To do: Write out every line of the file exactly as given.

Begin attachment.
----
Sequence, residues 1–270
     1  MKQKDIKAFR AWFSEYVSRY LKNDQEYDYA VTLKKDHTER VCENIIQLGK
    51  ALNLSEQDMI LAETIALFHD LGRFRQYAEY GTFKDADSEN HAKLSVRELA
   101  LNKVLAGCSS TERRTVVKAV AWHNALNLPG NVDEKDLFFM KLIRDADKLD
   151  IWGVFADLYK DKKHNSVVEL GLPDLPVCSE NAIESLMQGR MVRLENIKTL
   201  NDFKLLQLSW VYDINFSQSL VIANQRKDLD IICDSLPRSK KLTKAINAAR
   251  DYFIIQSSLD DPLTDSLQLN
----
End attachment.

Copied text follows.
Sequence, residues 1–270
     1  MKQKDIKAFR AWFSEYVSRY LKNDQEYDYA VTLKKDHTER VCENIIQLGK
    51  ALNLSEQDMI LAETIALFHD LGRFRQYAEY GTFKDADSEN HAKLSVRELA
   101  LNKVLAGCSS TERRTVVKAV AWHNALNLPG NVDEKDLFFM KLIRDADKLD
   151  IWGVFADLYK DKKHNSVVEL GLPDLPVCSE NAIESLMQGR MVRLENIKTL
   201  NDFKLLQLSW VYDINFSQSL VIANQRKDLD IICDSLPRSK KLTKAINAAR
   251  DYFIIQSSLD DPLTDSLQLN